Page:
The burning question that now arises is how to remedy this situation? How do we transform from a place where potentially 16 percent of the students feel excluded into a place where people understand each other, value each other's differences and do not segregate along such strict color lines? We believe the answer is even simpler than increasing the numbers and can be done without the aid of the University. The solution starts with the person in the mirror. We must start with ourselves! If we are concerned about the predominance of stereotypes, then we must admit that it is due to our failure to overcome boundaries and our failure to interact.
The natural response of students in the majority is to point out that interaction does not occur because minorities tend to exclude themselves. It is often said that they are welcomed at dorm parties, SYRs or other social events, but they rarely attend. But are they really welcomed and made to feel comfortable? Caucasian students must remember that as the majority, they have the advantage. This means that the overwhelming social behavior, viewpoints, lifestyles, entertainment interests and topics of conversation will suit the majority and will not necessarily soothe the interests of the minority. Therefore, it makes sense for minorities to tend to interact solely with those who identify and relate to them. To solve this impasse, it is not the responsibility of minority groups to abandon their identities and assimilate into a mainstream way of life. The responsibility lies in the hands of the majority to challenge themselves and leave their comfort zones. After all, this is what minority students are asked and actually forced to do every day, while they exist in an environment where they may never cross paths with another minority student. As crazy as it may sound, this does happen.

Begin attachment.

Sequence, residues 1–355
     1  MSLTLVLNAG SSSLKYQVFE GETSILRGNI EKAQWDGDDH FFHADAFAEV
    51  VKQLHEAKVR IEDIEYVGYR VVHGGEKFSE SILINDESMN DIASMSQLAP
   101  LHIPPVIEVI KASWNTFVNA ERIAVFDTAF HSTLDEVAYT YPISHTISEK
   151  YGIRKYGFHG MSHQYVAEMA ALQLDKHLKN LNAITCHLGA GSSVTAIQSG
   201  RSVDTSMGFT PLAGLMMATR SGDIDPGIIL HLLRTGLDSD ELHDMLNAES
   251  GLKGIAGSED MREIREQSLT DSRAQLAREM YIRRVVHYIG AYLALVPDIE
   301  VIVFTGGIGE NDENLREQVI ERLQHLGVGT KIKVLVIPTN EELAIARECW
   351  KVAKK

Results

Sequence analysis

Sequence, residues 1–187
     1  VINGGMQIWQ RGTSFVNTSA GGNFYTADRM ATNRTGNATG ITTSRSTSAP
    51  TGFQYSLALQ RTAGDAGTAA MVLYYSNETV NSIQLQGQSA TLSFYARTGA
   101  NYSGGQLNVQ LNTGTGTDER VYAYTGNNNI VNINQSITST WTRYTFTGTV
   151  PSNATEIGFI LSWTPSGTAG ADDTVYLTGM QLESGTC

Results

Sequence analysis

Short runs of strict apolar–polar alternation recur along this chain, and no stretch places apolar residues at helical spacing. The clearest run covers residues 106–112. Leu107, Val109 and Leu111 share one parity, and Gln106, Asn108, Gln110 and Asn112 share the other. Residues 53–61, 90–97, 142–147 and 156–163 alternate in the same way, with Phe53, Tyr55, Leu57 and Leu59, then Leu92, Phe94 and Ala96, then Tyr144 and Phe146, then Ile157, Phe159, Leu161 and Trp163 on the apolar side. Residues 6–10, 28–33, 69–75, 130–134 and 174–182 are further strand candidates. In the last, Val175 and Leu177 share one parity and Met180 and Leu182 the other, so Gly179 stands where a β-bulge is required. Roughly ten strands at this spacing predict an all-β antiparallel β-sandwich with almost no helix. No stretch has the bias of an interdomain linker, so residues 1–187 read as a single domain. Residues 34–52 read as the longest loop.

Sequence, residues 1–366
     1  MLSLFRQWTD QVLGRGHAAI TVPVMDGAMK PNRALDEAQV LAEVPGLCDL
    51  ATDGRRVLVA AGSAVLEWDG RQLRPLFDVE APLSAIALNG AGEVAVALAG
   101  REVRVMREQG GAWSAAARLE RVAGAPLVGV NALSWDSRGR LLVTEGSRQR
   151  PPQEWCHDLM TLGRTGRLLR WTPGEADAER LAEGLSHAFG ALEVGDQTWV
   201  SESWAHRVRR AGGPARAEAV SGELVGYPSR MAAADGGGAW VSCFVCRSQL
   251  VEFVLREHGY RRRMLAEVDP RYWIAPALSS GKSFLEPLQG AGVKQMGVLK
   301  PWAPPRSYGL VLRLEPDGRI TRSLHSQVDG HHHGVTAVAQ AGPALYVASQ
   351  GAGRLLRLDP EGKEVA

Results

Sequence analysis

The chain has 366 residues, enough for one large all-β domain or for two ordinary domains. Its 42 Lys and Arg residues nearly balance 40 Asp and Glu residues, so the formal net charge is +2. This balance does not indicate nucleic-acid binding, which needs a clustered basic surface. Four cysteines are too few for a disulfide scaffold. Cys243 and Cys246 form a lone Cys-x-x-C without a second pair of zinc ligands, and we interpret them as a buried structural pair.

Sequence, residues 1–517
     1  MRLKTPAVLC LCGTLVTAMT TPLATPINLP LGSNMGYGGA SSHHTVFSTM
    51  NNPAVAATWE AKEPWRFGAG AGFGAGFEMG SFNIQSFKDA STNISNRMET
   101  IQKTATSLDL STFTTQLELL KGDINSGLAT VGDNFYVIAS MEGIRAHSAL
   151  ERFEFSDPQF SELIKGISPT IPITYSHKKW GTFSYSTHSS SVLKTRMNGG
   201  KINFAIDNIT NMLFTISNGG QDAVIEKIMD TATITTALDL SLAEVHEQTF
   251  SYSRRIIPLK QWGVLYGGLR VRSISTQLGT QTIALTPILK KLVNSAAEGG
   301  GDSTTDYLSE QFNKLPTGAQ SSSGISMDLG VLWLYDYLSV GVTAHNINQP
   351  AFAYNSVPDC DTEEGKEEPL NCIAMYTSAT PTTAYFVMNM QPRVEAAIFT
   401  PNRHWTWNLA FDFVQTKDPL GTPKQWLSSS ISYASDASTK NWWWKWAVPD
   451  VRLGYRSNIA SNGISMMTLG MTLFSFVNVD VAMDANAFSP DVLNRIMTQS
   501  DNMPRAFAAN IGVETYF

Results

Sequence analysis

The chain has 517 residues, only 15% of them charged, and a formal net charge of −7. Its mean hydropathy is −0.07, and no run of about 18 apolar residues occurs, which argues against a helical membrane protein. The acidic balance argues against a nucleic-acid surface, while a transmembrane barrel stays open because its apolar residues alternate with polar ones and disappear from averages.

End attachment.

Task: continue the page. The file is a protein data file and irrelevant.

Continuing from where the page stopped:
Students in the majority must ask themselves if they have made the effort to understand the predicament of ethnically underrepresented students or supported the numerous multicultural events on campus, no less the endeavors of their neighbors, friends and roommates. The opportunities exist every Sunday; students can attend Misa En Espanol or Black Catholic Mass. In addition, every first Friday of the month, students are invited to a sociable lunch with the Office of Multicultural Student Affairs. It's unreasonable to expect minorities to attend every Acoustic Cafe if members of the majority do not extend themselves to appreciate the talents displayed at Black Koffee House, Asian Allure or Latin Expressions.
Members of the majority should realize that they could be taking advantage of the ever-present social opportunities, academic courses and outright invitations to appreciate and learn from the rich cultures that surround them every day. As a whole, students in the minority are open to any genuine efforts made through conversation or interaction in order to dismantle the barrier between white students and students of color. Most importantly, we'll find that our interpersonal relationships, which stimulate the sharing of cultures and the growth of individuals, can change us all. It will ultimately be the work of these valuable relationships to eliminate stereotypes and form long-lasting friendships.
What's Your Shade is the bi-weekly column sponsored by the Office of Multicultural Student Affairs. It appears every other Wednesday. Justin Smith, Siegfried, '01 and Rene Mulligan, Pasquerilla West, '01 contributed to this column.
The views expressed in this column are those of the author and not necessarily those of The Observer.
All Viewpoint Stories for Wednesday, October 6, 1999